New Zealand is the first country to allow women to vote

Historical Context Essay

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In the National Library of New Zealand in Wellington, in a special room for historical documents, one can view a large roll of paper. Unrolled, it would constitute a strip over 270 metres (about 300 yards) long, made up of 546 sheets pasted together which bear the signatures of nearly 24,000 women, and at least twenty men (

The Women’s Suffrage Petition

8). It is the main roll for the petition presented to the House of Representatives, the Lower House of the Parliament, in 1893, appealing for the passage of a bill granting universal suffrage to all adult New Zealand women. Twelve smaller rolls, that have not survived, brought the total up to 31,872 women (almost a quarter of the female population at the time). Unlike previous attempts at legislation, this bill was passed by both houses…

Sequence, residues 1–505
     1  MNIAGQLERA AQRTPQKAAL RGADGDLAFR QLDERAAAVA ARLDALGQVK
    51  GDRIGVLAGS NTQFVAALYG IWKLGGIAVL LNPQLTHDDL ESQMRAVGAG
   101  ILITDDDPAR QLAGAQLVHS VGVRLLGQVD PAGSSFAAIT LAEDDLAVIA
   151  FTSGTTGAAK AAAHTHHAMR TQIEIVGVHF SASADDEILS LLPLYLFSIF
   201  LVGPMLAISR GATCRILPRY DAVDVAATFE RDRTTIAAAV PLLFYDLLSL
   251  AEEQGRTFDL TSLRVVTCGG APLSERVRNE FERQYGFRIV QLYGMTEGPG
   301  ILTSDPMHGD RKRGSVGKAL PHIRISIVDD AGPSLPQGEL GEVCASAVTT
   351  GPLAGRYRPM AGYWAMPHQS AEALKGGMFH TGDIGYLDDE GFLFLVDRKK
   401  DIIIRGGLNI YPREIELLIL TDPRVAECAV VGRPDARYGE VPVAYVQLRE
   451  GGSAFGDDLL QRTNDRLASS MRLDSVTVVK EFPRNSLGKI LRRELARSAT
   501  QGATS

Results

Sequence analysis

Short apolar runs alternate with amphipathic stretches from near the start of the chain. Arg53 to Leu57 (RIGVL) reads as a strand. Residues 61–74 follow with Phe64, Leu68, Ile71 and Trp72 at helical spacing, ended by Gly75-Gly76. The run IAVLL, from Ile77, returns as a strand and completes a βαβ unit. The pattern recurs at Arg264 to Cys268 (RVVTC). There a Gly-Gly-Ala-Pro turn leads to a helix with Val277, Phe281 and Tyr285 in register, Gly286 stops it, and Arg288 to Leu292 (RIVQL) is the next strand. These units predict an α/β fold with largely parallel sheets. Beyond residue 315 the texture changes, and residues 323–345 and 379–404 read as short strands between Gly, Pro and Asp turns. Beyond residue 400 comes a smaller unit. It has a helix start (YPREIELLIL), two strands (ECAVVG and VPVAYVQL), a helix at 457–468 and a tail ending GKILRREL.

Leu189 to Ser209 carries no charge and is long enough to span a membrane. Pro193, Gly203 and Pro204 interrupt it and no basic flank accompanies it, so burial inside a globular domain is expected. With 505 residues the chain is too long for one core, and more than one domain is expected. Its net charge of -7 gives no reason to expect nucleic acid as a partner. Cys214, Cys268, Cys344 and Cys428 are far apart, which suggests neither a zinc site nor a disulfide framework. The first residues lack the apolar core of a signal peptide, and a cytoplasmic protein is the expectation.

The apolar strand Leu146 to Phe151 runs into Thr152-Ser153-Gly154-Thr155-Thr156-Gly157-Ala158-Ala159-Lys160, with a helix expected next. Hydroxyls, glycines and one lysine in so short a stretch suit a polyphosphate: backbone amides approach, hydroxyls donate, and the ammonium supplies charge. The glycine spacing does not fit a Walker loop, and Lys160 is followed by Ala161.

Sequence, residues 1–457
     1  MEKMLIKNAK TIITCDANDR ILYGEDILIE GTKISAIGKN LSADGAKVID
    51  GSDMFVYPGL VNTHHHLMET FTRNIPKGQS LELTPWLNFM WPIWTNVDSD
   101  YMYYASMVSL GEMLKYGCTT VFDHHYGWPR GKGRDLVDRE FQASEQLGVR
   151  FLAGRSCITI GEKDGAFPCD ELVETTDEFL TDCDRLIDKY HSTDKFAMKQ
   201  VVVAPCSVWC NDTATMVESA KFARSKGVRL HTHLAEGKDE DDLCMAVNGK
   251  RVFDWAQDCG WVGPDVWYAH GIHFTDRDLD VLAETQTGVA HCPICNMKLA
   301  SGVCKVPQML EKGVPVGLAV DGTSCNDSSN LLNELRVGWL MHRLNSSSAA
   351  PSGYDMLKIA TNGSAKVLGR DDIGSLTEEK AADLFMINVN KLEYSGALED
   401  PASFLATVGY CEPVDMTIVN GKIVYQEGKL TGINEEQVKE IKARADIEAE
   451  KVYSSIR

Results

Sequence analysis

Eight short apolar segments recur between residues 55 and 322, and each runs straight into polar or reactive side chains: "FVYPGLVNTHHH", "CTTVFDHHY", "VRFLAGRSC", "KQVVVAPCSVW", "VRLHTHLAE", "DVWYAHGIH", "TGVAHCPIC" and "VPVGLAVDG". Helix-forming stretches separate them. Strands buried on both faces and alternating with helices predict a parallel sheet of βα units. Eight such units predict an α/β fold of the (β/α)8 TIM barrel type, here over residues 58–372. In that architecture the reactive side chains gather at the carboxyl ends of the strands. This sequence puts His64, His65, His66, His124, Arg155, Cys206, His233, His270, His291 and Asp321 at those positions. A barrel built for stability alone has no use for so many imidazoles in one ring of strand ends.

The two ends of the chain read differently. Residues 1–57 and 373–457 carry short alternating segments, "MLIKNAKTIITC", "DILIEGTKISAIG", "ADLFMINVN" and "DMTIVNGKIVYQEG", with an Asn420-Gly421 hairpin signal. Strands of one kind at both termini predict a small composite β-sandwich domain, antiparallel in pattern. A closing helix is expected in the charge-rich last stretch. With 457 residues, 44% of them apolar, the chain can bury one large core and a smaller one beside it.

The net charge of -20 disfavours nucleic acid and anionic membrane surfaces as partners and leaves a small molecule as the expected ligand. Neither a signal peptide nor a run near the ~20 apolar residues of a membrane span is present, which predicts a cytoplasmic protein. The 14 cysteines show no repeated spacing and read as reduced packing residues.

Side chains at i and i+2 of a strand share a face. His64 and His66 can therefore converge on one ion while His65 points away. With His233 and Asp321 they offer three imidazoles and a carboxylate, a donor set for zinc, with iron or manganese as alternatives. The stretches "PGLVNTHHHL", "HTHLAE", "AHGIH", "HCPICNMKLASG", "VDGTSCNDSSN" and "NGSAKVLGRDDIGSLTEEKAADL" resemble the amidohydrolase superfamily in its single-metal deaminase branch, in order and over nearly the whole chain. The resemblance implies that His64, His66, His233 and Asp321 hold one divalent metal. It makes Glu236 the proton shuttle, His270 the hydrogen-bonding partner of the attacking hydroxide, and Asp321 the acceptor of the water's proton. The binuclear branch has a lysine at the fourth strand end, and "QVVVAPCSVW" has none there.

2440 words

Citation: Ross, John C.. "New Zealand is the first country to allow women to vote". The Literary Encyclopedia. First published 13 June 2019 [, accessed 22 June 2024.]

5389 New Zealand is the first country to allow women to vote 2 Historical context notes are intended to give basic and preliminary information on a topic. In some cases they will be expanded into longer entries as the Literary Encyclopedia evolves.

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